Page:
Just ask the question is it LED or OLED – that’s your first and most important question.

Manufacturer Acronyms

Welcome to the reason we’re all confused.  In the last two years new acronyms have been created to define some specific technologies that the manufacturers are using to differentiate their TVs from the competition.

The underlying technology is all the same as I’ve outlined above – it’s a case of LED vs OLED, but these technologies are used to enhance a picture (primarily LED) and differentiate.

SUHD This is Samsung’s premium TV from 2014.  The S stands for nothing in particular but it does designate the highest grade of screen Samsung are selling.  It has features like Quantum dot in the later years.
ULED Specific to Hisense’s premium TV range, Hisense describe this technology in relation to the selective backlighting of the screen.  Rather than standard edge-lit technology, Hisense were able to create partial sector lighting, and what that does is bring the TV much closer to the premium OLED in quality with nothing like the cost up front.
QLED Welcome to 2017, where Samsung adds a Q to the LED specifically relating to the Quantum dot technology.  They reckon they’ve improved the technology no end, and there will be better viewing angles and brightness as a result.  It’s an LED TV with Samsung’s Quantum dot technology.  Simple as that.

Buzz Words and Enhanced technology

To sell new TVs a whole bunch of new enhancements are being added to our screens.  Most often these are in the premium TVs at the high-end, but it trickles down and is starting to show in the lower priced models too.  Here’s what the buzz words mean for your next

Quantum Dot Christ, you want me to explain Quantum physics.  Nope, not going to happen here. I had a Quantum physicist try that last year, failed.  What you need to know is that this technology is not exclusive to Samsung, others do and will have this technology.  It’s essentially a film that is applied to the TV to enhance and in some cases provide light to the pixels.  The long game here is that it matches or betters the performance of OLED – it’s not there yet, but it is beautiful.  Providing a stunning colour profile and brighter colours.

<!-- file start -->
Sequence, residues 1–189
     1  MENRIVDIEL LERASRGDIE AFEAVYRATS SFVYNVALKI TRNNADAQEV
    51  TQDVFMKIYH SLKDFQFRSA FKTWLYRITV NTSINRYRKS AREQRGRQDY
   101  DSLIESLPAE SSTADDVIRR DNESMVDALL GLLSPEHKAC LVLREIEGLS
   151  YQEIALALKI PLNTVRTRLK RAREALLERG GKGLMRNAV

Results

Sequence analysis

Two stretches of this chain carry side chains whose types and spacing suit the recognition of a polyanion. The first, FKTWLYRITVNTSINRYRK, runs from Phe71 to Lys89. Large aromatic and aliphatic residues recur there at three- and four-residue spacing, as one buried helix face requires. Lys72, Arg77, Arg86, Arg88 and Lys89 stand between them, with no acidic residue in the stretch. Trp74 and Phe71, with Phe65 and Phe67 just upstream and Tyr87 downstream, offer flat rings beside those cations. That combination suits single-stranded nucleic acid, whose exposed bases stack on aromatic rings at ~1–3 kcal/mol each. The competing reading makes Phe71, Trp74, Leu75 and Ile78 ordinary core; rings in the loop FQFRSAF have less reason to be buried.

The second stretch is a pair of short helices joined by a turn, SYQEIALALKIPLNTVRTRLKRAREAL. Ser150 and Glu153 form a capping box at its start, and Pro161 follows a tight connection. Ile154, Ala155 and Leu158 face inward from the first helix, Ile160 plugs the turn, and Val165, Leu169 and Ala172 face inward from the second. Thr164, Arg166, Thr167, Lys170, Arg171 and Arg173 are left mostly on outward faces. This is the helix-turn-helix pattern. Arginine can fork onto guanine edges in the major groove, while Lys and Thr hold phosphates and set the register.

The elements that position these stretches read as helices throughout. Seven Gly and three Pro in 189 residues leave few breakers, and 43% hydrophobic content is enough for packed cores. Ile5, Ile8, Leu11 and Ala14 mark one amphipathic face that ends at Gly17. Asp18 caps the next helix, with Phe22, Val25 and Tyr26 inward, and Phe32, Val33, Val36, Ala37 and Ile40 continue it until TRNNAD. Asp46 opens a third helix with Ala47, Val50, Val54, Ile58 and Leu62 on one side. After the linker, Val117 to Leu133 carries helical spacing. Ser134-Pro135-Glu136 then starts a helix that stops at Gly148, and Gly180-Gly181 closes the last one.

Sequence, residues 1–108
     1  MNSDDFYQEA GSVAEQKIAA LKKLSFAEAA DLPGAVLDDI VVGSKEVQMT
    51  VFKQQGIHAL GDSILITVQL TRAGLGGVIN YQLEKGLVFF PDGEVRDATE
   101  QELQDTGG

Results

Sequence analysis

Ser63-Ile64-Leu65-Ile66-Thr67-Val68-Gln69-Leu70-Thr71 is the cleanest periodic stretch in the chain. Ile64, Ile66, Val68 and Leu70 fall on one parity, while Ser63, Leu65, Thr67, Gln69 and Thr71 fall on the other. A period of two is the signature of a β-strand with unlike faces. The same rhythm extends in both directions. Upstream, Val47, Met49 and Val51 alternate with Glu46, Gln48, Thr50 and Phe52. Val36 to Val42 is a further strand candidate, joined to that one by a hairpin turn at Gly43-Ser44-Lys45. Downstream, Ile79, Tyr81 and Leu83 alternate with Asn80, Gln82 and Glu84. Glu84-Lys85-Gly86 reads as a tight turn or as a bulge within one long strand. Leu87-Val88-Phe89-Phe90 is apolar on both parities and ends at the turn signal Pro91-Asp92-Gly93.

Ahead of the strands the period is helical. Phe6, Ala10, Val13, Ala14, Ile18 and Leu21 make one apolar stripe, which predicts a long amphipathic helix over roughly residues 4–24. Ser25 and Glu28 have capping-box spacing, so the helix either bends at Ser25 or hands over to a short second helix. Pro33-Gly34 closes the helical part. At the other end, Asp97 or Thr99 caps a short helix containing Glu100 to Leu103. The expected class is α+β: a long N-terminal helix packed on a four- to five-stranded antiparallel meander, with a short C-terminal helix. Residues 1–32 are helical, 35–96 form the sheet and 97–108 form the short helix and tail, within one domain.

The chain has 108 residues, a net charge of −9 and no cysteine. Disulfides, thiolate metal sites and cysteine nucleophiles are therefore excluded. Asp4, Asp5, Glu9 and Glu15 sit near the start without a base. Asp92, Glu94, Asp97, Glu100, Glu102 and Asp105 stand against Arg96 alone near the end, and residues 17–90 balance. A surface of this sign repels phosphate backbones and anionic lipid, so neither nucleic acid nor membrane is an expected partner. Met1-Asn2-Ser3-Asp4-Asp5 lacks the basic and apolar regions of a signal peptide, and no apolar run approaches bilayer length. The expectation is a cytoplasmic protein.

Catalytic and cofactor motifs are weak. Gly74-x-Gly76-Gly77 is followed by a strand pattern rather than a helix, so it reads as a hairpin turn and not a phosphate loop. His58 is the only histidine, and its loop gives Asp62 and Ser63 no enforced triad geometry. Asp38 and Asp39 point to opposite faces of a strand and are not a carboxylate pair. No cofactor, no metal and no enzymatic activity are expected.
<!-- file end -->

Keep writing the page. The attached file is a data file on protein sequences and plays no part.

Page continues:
Nano Cell LG will start to push this in 2017, their premium TVs will feature Nano Cell technology which to be frank – does what Quantum dots do.  LG argue the viewing angles will be better than Quantum dot (though their demo was on 2016 Quantum dot TVs not the newer version), and it will improve the brightness of the colours.  We’ll wait to review it before we decide if it’s just a buzz word.
Upscaling This is actually a really really important feature of a modern TV.  You can have 8 million pixels on the screen.  But if the content you’re watching was filmed with 1 million pixels in mind – what do you do?  A cheap crappy 4K/UHD TV will just stretch the content pixels out over the available pixels on screen.  However, an advanced TV from companies like LG, Sony, Samsung and Hisense will do a much better job.  It will intelligently determine how to display the picture and you can get 4K like content from a Full HD TV show or Movie.
HDR High Dynamic Range.  Again, not new, but new to our TVs – HDR attempts to better show the brighter colours and the darker shadowed areas of a picture without blowing one or the other out of recognition.  Movies and content is now being produced in HDR meaning the latest TVs can do some stunning stuff with the very latest content.  For your Broadcast TV content the TV will do its best to make the picture better, for newly created Streamed or Blu-Ray content you’ll get a notice that you’re watching HDR content and it will be displayed as the content creator intended.  To confuse the matter further, there are four types of HDR!  HDR, HDR 10, Hybrid Log Gamma and Dolby Vision.   Sadly, it’s going to mean some movies will be made with particular types of HDR, and your 2016 HDR TV won’t truly show it.  In the future (some LG 2017 TVs already do this) we hope TVs will support all types of HDR.
Dolby Vision Carrying the Dolby name means something in movies, and manufactures are racing to sign up and work off these brands.  Dolby Vision is just a type of HDR to the end-user, but to the genuine movie buff you’ll be looking for 4K Blu Rays with Dolby Vision certification and pairing that with a TV certified for Dolby Vision.

So, there you go – none the wiser?

Might not help you understand every advertisement that you see this year, or every listing for a new TV online – but perhaps you can better choose between one and another by cutting through the jargon!

If there are buzz words or acronyms not covered here, hit me up in the comments, I’ll add it here!